18 April 2006 Techniques for thermographic imaging of buildings in sunlight and shadow
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Proceedings Volume 6205, Thermosense XXVIII; 62050Z (2006) https://doi.org/10.1117/12.668931
Event: Defense and Security Symposium, 2006, Orlando (Kissimmee), Florida, United States
Performing infrared imaging and analysis on buildings or structures is challenging on a good day. More often than not, scanning an entire multi-story building will take several days. It requires patience from the thermographer because he has to let the sun to do its job solar loading the building, or, he may have to wait for the building to radiate its solar load in the cool of the evening. Usually this takes a "whatever the study requires" state of mind and the days are long. An experienced eye is also required to understand the nuances of construction and subtle temperature variations as they appear in an infrared image. Even with optimal conditions and a good uniform solar load, a strong thermographic indication can trip you up when it travels around a corner or into shadows. This condition can frustrate the thermographer, and also make the job longer because he has to wait for the sun to load into the next area of interest to chase out the indication. How do you get around this? This paper presents thermographic techniques to help image indications that run from uniform solar load around corners or through shadows.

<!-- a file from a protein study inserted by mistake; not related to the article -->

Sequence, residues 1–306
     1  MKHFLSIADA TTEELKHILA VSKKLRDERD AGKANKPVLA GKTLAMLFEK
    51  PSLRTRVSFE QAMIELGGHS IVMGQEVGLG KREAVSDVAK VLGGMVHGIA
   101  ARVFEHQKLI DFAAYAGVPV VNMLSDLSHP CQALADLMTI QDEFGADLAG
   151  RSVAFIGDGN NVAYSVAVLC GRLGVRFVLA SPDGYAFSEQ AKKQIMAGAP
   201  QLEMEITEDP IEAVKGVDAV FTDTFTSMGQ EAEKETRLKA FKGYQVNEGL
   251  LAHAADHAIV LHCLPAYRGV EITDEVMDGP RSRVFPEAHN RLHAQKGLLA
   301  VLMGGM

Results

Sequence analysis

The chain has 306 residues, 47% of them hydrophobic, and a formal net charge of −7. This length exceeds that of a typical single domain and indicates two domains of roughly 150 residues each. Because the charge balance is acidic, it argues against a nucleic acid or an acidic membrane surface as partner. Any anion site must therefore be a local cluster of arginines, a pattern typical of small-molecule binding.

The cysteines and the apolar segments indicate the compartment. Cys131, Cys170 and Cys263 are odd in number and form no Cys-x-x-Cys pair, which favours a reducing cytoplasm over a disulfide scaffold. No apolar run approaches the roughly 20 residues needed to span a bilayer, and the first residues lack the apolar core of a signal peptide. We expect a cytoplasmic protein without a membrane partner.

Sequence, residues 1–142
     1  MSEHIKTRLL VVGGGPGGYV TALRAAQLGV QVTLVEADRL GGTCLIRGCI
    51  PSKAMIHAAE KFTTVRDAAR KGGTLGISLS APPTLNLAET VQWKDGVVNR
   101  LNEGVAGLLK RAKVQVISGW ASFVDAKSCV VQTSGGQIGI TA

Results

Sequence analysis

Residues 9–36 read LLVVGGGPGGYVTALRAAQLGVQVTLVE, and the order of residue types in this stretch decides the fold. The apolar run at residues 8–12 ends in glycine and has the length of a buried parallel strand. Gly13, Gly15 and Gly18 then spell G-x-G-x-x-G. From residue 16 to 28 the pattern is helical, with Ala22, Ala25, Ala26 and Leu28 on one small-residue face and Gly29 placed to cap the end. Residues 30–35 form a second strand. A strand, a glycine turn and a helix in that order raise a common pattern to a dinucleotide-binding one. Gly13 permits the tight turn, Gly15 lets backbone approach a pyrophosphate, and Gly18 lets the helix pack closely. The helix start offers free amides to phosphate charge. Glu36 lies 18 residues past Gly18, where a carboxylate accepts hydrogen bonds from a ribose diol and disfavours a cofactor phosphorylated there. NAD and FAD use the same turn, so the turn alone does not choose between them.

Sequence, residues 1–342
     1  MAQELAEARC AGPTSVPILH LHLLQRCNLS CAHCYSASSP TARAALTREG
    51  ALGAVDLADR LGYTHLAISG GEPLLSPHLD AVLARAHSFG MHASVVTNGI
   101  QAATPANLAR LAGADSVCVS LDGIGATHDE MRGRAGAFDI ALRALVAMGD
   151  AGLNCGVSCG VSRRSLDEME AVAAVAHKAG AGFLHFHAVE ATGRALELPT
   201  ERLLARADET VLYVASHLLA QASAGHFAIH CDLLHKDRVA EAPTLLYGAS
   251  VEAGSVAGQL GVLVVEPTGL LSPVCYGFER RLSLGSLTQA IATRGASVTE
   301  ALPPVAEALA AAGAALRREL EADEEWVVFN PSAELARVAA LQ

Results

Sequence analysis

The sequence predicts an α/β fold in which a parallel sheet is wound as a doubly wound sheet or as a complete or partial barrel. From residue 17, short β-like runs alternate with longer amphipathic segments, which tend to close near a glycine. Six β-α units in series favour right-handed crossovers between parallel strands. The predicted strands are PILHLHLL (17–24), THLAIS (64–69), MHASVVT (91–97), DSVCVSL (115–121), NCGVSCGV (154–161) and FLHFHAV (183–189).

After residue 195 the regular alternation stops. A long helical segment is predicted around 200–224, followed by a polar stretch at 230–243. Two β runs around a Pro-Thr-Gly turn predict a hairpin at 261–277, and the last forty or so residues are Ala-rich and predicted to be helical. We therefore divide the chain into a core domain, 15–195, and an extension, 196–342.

© (2006) COPYRIGHT Society of Photo-Optical Instrumentation Engineers (SPIE). Downloading of the abstract is permitted for personal use only.
Kathryn Knettel, Kathryn Knettel, } "Techniques for thermographic imaging of buildings in sunlight and shadow", Proc. SPIE 6205, Thermosense XXVIII, 62050Z (18 April 2006); doi: 10.1117/12.668931; https://doi.org/10.1117/12.668931

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